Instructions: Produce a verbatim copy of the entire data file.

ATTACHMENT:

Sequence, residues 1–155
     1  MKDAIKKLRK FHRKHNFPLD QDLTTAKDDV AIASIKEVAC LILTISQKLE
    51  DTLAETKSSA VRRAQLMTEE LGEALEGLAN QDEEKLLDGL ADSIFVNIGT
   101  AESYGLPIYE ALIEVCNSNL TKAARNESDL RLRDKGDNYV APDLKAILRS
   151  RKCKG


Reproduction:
Sequence, residues 1–155
     1  MKDAIKKLRK FHRKHNFPLD QDLTTAKDDV AIASIKEVAC LILTISQKLE
    51  DTLAETKSSA VRRAQLMTEE LGEALEGLAN QDEEKLLDGL ADSIFVNIGT
   101  AESYGLPIYE ALIEVCNSNL TKAARNESDL RLRDKGDNYV APDLKAILRS
   151  RKCKG